President Trump’s recent announcement that he wants to dramatically hike tariffs (fro 10% to 25%) on a huge range of consumer goods and materials shipped from the US to China could spell a big problem for book publishing.
“For years, U.S. publishers have relied on China for low-cost, high-capacity printing of four-color books, coffee table editions, Bibles and other standards of the trade and education market. The new tariff would almost surely result in higher prices, with publishers saying a hike of 50 cents or more is possible for a given book.” Book Sales are Steady, But Tariffs are on Publishers Minds, AP
One thing I noticed when I looked at the list of items impacted by the proposed tariffs (screenshot below) is that it actually doesn’t seem to be books printed in China that will be impacted by the tariff, but the raw materials to produce our own books. (It’s totally possible that I’m wrong, but I haven’t been able to find anything that listed full printed books aside from diaries and notebooks. Post-send edit: A tip from a knowledgable reader informed me that there are FOUR lists of goods that are impacted, which include printed books, children’s books, dictionaries, and more.)
If I’m right about that, then this could actually seriously harm our DOMESTIC printing operations, which have already been struggling because of the recent paper shortage, among other challenges. It will also impact not just higher-priced color books and comics, but possibly also our least expensive books, black and white paperbacks. A 50 cent increase in the cost of printing a $14.95 paperback would probably require at least a dollar price increase, if not two.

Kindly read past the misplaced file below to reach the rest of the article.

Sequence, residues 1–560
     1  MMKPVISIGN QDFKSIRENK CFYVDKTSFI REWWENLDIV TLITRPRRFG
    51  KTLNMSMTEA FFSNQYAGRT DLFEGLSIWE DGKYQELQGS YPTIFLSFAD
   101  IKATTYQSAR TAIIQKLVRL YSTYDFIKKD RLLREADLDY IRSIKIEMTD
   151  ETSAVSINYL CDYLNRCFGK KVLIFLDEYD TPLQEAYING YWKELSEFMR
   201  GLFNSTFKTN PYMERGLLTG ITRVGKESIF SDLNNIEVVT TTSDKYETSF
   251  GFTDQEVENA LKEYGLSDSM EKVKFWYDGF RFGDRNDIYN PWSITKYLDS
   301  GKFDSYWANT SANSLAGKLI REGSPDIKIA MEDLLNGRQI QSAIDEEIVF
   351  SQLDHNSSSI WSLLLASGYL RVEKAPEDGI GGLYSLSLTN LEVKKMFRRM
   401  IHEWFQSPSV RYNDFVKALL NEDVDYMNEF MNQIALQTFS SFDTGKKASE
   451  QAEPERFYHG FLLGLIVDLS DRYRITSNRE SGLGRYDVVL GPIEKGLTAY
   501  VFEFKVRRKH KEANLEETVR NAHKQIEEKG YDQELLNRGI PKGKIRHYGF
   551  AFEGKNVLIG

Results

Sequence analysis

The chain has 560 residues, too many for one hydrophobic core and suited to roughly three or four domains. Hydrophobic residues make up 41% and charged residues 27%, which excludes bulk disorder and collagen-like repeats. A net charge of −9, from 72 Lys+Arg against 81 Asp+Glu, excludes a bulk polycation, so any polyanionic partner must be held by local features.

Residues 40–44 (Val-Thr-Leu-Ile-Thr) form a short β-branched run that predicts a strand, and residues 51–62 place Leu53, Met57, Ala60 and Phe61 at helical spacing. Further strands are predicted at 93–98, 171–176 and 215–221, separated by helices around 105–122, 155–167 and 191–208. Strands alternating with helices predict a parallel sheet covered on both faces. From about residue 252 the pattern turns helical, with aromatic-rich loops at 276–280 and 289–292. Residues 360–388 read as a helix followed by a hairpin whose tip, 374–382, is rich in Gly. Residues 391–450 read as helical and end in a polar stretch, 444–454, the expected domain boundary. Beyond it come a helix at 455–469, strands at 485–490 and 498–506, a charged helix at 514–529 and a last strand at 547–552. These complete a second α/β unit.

NPR doesn’t think that tariffs make good economic sense. “‘Tariffs that target only China aren't even really a jobs-creation program for Americans. ‘So the big beneficiary here of the tariffs on China are Vietnam, Cambodia, and maybe for electronics, it would be Taiwan,’ Irwin says. ‘We're not going to reshore a lot of this manufacturing. It's just going to shift to other countries.’ Ironically, the true winners of a tariff war may be the bystanders. Call it collateral enrichment.”
Even if full-color printed books are impacted, I would expect to see those print jobs moving to other countries in Asia, India, Eastern Europe, and Canada. I don’t think the U.S. has the capacity to print all the color books that American publishers sell, and I wouldn’t expect a tariff like this to spur immediate expansion of production, as any investment in additional capacity would be moot if the tariff were removed by a future government.
Want to do something about this? Click here and file a request to appear: Federal Register Request for Comments by June 10th.
If you’re reading and there’s a topic you’d like me to cover, leave a comment or send me an email at margotatwell at gmail.
You can also see more publishing thoughts and links on Twitter.